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Biden picks next Pentagon policy chief, testing Tuberville’s blockade

The White House said Tuesday that President Biden will nominate a new Pentagon policy chief, a position the administration deems central to navigating challenges posed by China and Russia but one at risk of encountering the same standoff with congressional Republicans that has stymied the confirmation of other defense nominees.

Officials said the administration would send the Senate Biden’s selection of Derek Chollet, who now serves as counselor to Secretary of State Antony Blinken, to become undersecretary of defense for policy.

Biden’s nomination of Chollet to replace Colin Kahl, who stepped down this month, comes amid a feud over abortion policy that has resulted in the stalling of hundreds of nominees for military and defense positions, including Biden’s pick to head the Marine Corps. If the impasse continues, it could result in other high-level vacancies in coming months, including the military’s most senior position, chairman of the Joint Chiefs of Staff.

Sen. Tommy Tuberville, an Alabama Republican who sits on the Senate Armed Services Committee, imposed the hold in protest of an administration policy that enables the Pentagon to reimburse service members for travel expenses required to access abortions and other reproductive care if they are stationed in states where, in the wake of the Supreme Court’s decision to overturn Roe v. Wade, such procedures are difficult or impossible to obtain.

Tuberville has said the agency’s “radical” policy exceeds administration authority. “We are here to make the law, not the Pentagon,” he said last week.

While many Republicans sympathize with Tuberville’s views on abortion, influential lawmakers including Senate Minority Leader Mitch McConnell (R-Ky.) have said they do not back delaying military nominees. Tuberville has said the Senate could hold individual votes for nominees, which critics reject as onerous and time-consuming.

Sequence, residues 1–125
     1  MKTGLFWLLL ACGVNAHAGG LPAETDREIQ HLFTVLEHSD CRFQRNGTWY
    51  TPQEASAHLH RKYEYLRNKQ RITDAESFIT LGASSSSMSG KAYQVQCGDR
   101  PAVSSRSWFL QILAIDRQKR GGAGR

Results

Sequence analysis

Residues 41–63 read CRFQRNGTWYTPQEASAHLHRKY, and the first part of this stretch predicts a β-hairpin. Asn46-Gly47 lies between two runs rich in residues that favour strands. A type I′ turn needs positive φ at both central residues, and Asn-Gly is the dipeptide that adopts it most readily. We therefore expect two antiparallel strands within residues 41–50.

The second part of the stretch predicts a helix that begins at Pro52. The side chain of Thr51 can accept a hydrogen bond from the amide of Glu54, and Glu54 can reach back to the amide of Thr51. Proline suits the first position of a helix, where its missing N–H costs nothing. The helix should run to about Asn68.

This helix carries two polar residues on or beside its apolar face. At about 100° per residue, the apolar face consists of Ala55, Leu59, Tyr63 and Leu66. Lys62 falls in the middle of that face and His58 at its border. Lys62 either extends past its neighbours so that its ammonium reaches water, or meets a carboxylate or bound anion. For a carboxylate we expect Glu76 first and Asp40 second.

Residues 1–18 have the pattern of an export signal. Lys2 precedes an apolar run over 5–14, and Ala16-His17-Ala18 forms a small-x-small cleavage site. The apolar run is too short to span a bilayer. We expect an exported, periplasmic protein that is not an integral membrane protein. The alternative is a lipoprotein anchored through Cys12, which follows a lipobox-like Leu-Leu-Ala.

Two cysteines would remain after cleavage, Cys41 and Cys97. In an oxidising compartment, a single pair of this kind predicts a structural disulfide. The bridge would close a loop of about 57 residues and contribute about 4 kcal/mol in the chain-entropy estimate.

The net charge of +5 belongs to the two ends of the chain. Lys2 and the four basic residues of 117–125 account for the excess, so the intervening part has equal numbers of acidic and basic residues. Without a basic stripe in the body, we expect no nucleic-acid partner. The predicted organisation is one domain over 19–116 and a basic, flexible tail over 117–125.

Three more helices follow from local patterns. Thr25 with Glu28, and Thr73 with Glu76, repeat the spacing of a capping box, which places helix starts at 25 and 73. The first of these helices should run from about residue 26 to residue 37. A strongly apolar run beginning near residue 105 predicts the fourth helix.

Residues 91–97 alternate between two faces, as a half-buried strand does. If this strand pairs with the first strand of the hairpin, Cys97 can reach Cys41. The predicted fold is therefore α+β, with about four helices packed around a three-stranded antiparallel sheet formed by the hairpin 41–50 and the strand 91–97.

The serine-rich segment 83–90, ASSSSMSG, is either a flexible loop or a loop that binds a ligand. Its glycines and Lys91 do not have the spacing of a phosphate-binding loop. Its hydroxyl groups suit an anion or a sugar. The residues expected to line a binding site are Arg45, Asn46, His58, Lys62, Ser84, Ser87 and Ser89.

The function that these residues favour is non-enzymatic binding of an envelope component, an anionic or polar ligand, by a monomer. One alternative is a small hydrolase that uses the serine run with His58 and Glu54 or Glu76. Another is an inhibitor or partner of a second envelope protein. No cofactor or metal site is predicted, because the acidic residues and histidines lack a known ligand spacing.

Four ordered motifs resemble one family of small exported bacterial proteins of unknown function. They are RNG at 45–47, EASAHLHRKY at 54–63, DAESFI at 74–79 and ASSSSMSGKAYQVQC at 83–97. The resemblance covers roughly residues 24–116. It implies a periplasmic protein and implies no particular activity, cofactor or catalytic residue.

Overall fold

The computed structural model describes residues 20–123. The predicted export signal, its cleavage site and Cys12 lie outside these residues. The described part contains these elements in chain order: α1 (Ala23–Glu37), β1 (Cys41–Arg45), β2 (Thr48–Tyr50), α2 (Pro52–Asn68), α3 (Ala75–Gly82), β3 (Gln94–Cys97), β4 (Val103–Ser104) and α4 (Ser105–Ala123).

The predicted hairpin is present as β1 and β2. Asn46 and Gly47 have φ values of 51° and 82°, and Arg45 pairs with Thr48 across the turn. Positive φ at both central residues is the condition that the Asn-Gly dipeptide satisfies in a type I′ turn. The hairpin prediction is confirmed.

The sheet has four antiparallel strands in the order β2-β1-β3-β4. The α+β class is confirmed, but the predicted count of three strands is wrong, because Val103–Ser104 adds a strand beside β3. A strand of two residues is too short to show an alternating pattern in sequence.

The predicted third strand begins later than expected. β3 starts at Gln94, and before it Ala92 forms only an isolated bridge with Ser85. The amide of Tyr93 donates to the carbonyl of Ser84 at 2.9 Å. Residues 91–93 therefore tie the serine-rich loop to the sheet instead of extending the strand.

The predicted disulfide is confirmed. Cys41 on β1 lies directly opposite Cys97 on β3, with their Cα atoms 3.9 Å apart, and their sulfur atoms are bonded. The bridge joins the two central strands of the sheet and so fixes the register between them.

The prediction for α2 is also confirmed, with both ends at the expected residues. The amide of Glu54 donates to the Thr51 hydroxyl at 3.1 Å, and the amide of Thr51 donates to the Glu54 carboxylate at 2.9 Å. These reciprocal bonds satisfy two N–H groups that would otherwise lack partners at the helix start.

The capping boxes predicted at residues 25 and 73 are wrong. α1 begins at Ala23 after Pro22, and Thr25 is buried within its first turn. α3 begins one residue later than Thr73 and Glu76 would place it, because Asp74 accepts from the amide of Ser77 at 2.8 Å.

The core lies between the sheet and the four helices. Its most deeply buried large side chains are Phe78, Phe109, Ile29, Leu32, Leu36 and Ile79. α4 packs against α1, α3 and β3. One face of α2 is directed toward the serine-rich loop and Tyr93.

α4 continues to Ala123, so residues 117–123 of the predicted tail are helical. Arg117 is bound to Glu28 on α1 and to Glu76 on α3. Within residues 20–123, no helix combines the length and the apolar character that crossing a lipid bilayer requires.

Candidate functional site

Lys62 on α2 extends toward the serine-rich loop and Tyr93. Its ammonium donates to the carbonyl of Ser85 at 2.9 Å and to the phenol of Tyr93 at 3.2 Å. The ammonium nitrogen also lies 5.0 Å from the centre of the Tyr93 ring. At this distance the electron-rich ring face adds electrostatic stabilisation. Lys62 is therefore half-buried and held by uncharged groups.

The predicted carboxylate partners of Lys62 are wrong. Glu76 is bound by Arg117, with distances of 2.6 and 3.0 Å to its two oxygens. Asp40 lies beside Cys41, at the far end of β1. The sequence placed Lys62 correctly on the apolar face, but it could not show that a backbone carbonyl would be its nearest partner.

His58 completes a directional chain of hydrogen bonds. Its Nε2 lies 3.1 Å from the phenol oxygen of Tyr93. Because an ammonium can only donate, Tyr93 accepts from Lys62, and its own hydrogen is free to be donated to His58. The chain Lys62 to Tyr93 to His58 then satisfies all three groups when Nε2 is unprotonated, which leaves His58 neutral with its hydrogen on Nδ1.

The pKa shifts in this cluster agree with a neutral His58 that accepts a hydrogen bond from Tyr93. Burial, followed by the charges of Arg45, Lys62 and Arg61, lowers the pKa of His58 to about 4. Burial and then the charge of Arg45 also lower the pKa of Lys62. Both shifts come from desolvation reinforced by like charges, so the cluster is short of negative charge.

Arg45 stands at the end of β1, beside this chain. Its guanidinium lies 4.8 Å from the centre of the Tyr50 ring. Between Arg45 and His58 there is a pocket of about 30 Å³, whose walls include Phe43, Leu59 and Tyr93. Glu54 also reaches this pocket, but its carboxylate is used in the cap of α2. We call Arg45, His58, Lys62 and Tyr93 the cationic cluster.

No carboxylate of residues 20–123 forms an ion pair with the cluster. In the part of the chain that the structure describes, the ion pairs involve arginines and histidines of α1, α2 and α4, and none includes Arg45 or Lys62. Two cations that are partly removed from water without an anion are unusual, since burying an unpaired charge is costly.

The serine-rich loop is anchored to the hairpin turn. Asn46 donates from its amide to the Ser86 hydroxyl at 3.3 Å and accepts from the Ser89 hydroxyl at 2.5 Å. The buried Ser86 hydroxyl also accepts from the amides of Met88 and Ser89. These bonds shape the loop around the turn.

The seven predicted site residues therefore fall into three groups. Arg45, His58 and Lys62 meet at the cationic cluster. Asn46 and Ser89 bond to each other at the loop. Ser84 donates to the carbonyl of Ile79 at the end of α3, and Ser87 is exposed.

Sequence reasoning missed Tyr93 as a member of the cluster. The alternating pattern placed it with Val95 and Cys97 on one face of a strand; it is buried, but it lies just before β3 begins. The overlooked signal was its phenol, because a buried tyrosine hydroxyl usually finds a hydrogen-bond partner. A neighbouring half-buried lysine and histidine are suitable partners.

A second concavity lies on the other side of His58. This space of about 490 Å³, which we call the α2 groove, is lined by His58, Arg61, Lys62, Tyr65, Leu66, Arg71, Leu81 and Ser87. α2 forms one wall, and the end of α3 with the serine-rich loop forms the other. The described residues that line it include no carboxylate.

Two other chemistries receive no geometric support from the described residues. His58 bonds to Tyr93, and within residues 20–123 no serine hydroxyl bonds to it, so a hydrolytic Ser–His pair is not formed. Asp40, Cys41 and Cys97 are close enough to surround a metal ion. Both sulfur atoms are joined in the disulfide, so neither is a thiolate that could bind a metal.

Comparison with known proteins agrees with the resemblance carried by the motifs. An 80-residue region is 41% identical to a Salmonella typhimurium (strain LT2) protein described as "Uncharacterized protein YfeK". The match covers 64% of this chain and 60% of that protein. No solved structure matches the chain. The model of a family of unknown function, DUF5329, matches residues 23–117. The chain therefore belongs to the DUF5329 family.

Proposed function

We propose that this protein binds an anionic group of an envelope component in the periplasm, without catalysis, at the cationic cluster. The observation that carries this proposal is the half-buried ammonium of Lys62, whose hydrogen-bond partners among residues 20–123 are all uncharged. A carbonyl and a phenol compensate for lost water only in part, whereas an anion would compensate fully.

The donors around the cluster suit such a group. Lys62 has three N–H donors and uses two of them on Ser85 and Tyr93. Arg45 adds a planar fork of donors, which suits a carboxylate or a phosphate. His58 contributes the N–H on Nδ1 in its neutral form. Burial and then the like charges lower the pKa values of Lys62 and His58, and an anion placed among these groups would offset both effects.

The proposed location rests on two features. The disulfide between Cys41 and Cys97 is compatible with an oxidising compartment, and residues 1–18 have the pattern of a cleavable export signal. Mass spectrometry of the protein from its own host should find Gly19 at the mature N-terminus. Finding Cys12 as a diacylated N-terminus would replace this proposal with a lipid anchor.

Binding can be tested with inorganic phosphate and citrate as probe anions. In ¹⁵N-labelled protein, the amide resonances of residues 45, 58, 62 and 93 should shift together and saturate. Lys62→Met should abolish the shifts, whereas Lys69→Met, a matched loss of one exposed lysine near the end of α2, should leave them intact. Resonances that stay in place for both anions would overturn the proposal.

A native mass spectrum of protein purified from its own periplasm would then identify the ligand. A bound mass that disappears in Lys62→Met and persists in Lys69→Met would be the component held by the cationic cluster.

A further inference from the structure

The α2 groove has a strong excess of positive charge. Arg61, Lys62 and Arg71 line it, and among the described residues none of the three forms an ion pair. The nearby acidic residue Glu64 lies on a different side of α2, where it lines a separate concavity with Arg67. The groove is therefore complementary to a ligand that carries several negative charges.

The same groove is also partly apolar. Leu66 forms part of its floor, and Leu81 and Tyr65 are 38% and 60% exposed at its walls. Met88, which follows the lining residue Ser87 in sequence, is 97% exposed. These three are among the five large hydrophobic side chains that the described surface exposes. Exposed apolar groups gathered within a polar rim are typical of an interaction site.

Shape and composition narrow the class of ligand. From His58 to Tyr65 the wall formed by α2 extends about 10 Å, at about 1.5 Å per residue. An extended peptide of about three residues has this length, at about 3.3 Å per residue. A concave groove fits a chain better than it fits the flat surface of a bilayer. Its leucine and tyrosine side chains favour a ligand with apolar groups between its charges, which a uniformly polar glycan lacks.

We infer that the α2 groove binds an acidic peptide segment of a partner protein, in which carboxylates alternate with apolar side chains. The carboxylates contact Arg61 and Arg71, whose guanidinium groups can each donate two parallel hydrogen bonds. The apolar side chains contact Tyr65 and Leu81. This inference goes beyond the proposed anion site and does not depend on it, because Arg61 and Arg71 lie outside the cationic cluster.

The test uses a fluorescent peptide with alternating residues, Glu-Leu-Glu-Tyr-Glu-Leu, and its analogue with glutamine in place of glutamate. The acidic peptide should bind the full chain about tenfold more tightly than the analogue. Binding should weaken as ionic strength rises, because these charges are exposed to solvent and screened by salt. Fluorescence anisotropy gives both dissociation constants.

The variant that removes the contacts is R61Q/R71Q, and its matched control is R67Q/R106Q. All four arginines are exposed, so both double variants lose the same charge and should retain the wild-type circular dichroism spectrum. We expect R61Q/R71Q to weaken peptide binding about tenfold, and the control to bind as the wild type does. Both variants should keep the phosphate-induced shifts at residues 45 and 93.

While Biden and other Democrats have warned that the hold could damage U.S. security and further politicize the military, Tuberville has refused to abandon his position despite administration officials’ defense of the policy and appeals from Defense Secretary Lloyd Austin. The dispute casts a shadow over the largely bipartisan cooperation that characterizes support for defense spending and many military initiatives.

It’s not clear whether the impasse can be resolved before it affects Chollet, whose résumé includes a host of key national security roles such as assistant secretary of defense for international security affairs; senior director for strategic planning on the National Security Council; principal deputy director of the State Department’s policy planning office; and speechwriter to then-U.S. Ambassador to the United Nations Richard C. Holbrooke.

Chollet is expected to remain in his State Department role until he is confirmed. As the department’s counselor, he has advised Blinken on issues including China’s projection into the South China Sea and attempts to deepen Israel’s normalization with Arab states.